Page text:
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New Zealand to legalize euthanasia, but not cannabis

New Zealanders have voted in favour of legalizing euthanasia but not cannabis, according to provisional results announced by the country’s electoral commission Friday.

New Zealanders have voted in favour of legalizing euthanasia but not cannabis, according to provisional results announced by the country’s electoral commission Friday.

Voters had the chance to significantly change the country’s laws during the general election on October 17, when they were asked two yes or no questions – one on euthanasia and the other on cannabis law reform.

Provisional results show the country has voted for legalizing euthanasia, with 65.2 per cent of voters in favour.

The euthanasia referendum result is binding so it will become law in 12 months’ time, thereby allowing a terminally ill person to request assisted dying.

Two doctors must agree the patient is well-informed and other legal criteria are met and only a person with a terminal illness and less than six months to live will be eligible.

The leader of the ACT party David Seymour, who introduced the bill to Parliament, gave a brief speech thanking those who supported it.

He said it would make New Zealand a “a kinder, more compassionate, more humane” society. “What a great day to be a Kiwi,” he added.

The referendum on cannabis legalization was a closer result, and could potentially change.

The cannabis legislation proposed a minimum age of 20 to use and purchase recreational cannabis, limited home-growing options and a public education programme as well as introducing regulations and commercial supply limits.

Results show the vote was split, with 53.1 per cent against legalization, while 46.1 per cent voted for.

There are 167,333 votes separating those for and against, with an estimated 480,000 special votes – which includes early, overseas or phone votes – yet to be tallied.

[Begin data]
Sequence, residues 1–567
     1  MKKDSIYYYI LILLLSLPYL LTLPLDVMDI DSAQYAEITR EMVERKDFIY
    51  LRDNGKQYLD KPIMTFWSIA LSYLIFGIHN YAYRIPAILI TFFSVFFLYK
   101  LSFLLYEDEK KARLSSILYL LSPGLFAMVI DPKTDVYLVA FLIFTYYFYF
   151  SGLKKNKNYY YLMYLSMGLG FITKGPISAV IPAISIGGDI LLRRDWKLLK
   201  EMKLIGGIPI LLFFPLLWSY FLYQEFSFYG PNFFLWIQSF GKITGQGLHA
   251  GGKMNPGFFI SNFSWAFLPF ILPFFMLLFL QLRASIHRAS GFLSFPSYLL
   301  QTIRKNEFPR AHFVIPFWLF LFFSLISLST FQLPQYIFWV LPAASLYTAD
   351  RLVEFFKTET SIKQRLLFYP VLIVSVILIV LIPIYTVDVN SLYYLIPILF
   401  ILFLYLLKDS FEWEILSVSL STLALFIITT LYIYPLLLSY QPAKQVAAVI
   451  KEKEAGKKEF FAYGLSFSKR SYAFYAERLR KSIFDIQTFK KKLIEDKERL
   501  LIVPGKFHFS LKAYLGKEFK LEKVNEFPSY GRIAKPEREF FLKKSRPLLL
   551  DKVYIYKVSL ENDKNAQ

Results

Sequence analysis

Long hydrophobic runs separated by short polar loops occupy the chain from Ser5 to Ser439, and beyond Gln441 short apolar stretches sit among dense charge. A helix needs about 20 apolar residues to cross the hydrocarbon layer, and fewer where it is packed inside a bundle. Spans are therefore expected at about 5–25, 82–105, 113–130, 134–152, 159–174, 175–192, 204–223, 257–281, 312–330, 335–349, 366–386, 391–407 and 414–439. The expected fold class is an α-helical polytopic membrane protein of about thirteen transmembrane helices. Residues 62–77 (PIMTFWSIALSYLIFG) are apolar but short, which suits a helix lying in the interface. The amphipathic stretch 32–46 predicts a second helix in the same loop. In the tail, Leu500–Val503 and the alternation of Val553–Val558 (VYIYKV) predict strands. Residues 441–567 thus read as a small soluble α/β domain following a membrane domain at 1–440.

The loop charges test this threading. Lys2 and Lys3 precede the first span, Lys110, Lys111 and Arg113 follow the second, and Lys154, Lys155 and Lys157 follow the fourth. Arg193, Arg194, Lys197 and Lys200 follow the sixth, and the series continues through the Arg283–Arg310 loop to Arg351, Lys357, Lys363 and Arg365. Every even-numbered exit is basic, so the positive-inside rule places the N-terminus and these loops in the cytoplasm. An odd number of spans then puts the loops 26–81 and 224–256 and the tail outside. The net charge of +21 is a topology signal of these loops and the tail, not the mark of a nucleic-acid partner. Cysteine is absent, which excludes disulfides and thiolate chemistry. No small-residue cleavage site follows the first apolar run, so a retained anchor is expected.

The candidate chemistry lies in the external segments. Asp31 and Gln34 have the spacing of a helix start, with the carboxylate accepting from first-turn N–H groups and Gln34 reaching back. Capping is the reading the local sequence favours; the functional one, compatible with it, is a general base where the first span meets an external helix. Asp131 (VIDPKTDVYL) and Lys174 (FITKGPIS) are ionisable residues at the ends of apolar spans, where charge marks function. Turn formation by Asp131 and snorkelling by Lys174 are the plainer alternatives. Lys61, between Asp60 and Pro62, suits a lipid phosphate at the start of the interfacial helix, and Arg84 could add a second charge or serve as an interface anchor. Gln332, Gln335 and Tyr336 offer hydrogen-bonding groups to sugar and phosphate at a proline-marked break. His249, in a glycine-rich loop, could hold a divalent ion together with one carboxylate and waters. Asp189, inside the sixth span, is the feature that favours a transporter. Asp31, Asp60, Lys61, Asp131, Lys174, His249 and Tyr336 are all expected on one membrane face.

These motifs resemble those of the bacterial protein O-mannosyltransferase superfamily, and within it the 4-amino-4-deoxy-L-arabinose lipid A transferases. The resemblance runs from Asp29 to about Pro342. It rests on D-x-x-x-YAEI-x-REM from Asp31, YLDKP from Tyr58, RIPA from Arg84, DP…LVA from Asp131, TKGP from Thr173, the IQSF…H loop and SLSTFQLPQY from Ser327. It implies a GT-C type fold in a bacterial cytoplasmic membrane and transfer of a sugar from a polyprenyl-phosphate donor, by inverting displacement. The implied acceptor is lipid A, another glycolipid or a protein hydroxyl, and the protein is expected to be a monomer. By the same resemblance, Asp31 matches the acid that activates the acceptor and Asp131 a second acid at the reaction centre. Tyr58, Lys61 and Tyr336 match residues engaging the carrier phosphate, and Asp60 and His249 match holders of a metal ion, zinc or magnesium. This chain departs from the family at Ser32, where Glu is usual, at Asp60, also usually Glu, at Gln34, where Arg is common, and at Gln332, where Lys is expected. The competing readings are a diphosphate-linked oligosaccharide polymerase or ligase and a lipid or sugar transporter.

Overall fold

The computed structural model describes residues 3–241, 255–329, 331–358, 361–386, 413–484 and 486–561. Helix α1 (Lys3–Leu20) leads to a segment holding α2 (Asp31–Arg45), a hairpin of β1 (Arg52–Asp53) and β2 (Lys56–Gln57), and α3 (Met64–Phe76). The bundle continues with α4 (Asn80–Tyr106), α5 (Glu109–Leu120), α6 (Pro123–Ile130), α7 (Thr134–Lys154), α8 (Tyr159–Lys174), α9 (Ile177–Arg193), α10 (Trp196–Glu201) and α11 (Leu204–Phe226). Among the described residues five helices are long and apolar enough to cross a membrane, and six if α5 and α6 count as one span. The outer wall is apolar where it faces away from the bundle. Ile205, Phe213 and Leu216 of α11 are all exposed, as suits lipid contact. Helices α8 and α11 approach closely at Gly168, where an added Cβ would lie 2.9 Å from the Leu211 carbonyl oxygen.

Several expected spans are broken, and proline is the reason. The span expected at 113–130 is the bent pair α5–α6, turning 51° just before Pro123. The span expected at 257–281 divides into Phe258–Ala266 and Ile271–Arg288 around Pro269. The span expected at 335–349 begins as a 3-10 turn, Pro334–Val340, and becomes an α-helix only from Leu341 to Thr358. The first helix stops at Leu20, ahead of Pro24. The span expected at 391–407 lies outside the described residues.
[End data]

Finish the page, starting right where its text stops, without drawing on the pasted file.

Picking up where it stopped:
Those campaigning for legalizing cannabis are holding out hope the special votes will flip the results, but justice minister Andrew Little said the result is unlikely to turn.

“The probability of that is so low to be virtually non-existent,” he said.

Little confirmed in a statement that if the provisional results were confirmed as they currently stand, the incoming government would respect the result.

“This will mean that recreational cannabis use will remain illegal in New Zealand.”

The cannabis referendum is non-binding, but a spokesperson for Prime Minister Jacinda Ardern confirmed she would progress any legislation in line with the final vote.

Ardern had kept her votes secret, but the spokesperson confirmed she had voted in favour of both referendums.

The vote was always going to be close, Green Party spokesperson on drug law reform Chloe Swarbrick said in a statement.

“We have said from the outset that this would always come down to voter turnout. We’ve had record numbers of special votes, so I remain optimistic.”

She said New Zealand had had a “really mature and ever evolving conversation” about drug laws.

“Many who have traditionally felt disenfranchised by the political system may have their voices heard at the specials. We’ll wait to see how that plays out next week.”

Official results for both referendums and the general election will be confirmed on November 6.

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